MOVIE REVIEW – 60 years old Tom Hanks reteams with his ‘Da Vinci Code’ director Ron Howard for another round of European adventures in this action thriller based on the novel by Dan Brown.
After In the Heart of the Sea, the whale hunting seafaring adventure, which was a disaster at the box office and the unconventional Beatles documentary Eight Days a Week, director Ron Howard and producer Brian Grazer are again back in their usual series with hot-footed thriller Inferno. After their adaptations of The Da Vinci Code and Angels & Demons, here we go with their third adaptation of one of Dan Brown’s treasure hunts, with Tom Hanks as the art historian and cryptologist Robert Langdon. Once again, Robert Langdon is off on the run around Europe with a younger woman (Felicity Jones) by his side, this time using clues from Dante’s epic poem and various works of art to track down a deadly virus.
“The world is overpopulated – let’s kill some people…”
What we have here is a boilerplate thriller plot in which a crazy billionaire (Ben Foster) sets out to destroy half the world with a deadly virus. Two hours may seem unwarranted for such a routine scenario, but Brown/Koepp/Howard blow up a dense smokescreen as Hanks rushes around museums in Florence, Venice, and Istanbul trying to decode an unnecessarily convoluted trail left by the madman.
The ever-steadfast Hanks, now 60, in the role of Harvard professor and internationally renowned symbologist Dr Robert Langdon spends less time actually running in this chase thriller, and solves more time-solving riddles, the decade since The Da Vinci Code has treated the actor kindly. Although he’s paired with Felicity Jones, as a sharp and cute ER doctor working in Florence, for hunting for clues, he also has a back-story with the age-appropriate Knudsen, playing the head of the WHO task force chasing after the maniacal millionaire, while France’s Omar Sy is her team-mate. Rounding out the cast is Irrfan Khan, who makes the most of his late entry as the head of a shadowy security firm.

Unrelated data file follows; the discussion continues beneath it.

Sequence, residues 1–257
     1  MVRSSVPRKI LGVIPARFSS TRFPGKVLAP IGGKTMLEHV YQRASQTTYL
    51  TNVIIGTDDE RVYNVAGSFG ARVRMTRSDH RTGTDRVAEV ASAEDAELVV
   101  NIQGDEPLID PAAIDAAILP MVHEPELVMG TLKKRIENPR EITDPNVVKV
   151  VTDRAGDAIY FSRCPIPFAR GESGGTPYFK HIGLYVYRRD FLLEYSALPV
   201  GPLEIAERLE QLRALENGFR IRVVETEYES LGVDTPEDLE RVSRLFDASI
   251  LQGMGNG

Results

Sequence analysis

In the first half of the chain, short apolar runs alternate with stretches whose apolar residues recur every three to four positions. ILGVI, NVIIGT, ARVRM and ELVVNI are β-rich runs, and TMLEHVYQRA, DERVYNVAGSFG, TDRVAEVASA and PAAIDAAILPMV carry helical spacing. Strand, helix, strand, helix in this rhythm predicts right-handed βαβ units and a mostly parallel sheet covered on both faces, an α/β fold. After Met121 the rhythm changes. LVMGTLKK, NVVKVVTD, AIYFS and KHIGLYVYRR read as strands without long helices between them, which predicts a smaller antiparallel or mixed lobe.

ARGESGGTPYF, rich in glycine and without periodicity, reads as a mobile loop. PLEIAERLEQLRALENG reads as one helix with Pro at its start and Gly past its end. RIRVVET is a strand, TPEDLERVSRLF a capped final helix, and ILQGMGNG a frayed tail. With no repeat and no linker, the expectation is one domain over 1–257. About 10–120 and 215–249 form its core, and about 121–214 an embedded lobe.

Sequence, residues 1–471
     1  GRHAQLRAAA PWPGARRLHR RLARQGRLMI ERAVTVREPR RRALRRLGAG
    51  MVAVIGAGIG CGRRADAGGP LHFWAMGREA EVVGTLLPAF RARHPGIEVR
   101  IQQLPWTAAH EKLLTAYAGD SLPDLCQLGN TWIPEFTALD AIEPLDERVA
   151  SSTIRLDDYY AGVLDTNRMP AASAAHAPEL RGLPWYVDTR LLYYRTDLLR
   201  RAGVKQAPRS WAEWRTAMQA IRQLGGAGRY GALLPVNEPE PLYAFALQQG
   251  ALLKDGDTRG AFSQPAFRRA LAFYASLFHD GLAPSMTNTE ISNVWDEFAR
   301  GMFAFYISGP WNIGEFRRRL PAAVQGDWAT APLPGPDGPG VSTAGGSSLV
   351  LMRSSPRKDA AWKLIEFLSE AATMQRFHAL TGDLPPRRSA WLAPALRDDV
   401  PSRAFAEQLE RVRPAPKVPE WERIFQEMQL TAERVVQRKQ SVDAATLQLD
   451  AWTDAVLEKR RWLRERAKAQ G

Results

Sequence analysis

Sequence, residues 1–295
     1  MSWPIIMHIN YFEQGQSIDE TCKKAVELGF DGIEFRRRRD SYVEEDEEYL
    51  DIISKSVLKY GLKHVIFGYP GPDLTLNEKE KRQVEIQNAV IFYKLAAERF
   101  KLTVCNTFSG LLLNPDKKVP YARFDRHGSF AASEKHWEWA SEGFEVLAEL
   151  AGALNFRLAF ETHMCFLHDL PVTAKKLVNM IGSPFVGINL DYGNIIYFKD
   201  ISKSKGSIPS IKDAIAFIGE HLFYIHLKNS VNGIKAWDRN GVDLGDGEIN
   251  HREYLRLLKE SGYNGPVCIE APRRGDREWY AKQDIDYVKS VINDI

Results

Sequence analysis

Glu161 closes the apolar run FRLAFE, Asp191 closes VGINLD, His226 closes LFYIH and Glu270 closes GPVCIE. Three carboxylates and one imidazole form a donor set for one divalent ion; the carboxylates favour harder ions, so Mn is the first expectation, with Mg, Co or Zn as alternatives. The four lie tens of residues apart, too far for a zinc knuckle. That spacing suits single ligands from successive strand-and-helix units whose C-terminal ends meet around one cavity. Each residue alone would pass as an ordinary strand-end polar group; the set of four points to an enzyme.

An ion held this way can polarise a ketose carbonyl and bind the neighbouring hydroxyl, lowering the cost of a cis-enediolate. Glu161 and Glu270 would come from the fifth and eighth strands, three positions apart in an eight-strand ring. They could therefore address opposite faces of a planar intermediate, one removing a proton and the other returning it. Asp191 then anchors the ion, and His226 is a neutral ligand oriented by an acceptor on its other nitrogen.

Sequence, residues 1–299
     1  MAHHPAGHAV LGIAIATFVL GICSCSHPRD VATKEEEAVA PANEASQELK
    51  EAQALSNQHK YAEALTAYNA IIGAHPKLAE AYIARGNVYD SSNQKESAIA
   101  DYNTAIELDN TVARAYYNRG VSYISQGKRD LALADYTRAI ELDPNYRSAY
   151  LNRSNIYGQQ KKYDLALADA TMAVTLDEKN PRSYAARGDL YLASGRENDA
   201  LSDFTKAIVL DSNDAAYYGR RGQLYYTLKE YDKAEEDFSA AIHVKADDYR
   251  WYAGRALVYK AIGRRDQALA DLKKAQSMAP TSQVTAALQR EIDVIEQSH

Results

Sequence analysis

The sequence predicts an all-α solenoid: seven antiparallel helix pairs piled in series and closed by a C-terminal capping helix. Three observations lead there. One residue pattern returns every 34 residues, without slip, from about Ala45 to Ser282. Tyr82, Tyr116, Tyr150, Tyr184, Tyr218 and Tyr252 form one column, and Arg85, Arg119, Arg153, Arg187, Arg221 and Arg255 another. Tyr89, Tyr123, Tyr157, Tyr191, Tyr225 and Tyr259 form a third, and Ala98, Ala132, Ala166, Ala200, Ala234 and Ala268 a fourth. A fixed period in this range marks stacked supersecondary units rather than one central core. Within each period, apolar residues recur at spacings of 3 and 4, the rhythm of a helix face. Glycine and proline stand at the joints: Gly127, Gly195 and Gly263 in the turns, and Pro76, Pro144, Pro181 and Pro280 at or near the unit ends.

A sight for sore eyes
Production-wise the flick is excellent: while the film also used Budapest as a double, there’s a lovely blend of “real” and staged which is as good as seamless that you’ll find in a blockbuster today. Designer Peter Wenham has delivered the world that seduces the viewer throughout the running time into blind acceptance, with CG bells and whistles pulled right back to the dream sequences. Hans Zimmer scores and there’s some nice early work with sound editing, particularly in the hospital as Langdon wakes up with some rather selective amnesia.
It’s enough to ensure a breathless first hour that takes in everything from the Palazzo Vecchio to the Boboli Gardens, interspersed by nuggets of Wikipedia knowledge, visuals from a drone’s POV and hellish dream sequences that give Inferno a stylistic audacity absent from its 2006 and 2009 predecessors.
The main problem however is with Inferno’s basic plot; with feints, red herrings, and u-turns throughout, belief is not so much suspended as surrendered at gunpoint. Koepp has managed a hurried adaptation, and some of the dialogue can feel especially forced, particularly when it comes to the clue-solving set-ups.
Trust no one, always watch your back
Worse, Howard exchanges the streamlined kineticism of a race-against-time thriller for a bewildering tumult of reversals, flashbacks, and contradictory information. Meanwhile, a mushy romantic subplot involving Borgen’s Sidse Babett Knudsen gives rise to a whole new sub-stratum of irrelevant backstory. Not only that, but there’s also a pointless side trip to Venice that stops the film dead just when it ought to be gathering momentum.
It has to be said, that Howard keeps the viewer always absorbed. Felicity Jones is an engaging sidekick, and there’s clearly a lot more mileage left for Tom Hanks in this franchise’s tank – one of Dan Brown’s Robert Langdon novels (The Lost Symbol) has still yet to filmed, but perhaps not for long.
Still, we are all left with a feeling of both missed the opportunity and nagging frustration. Having already taken two rides on the Dan Brown merry-go-round, shouldn’t this have been the one where Ron finally got it right?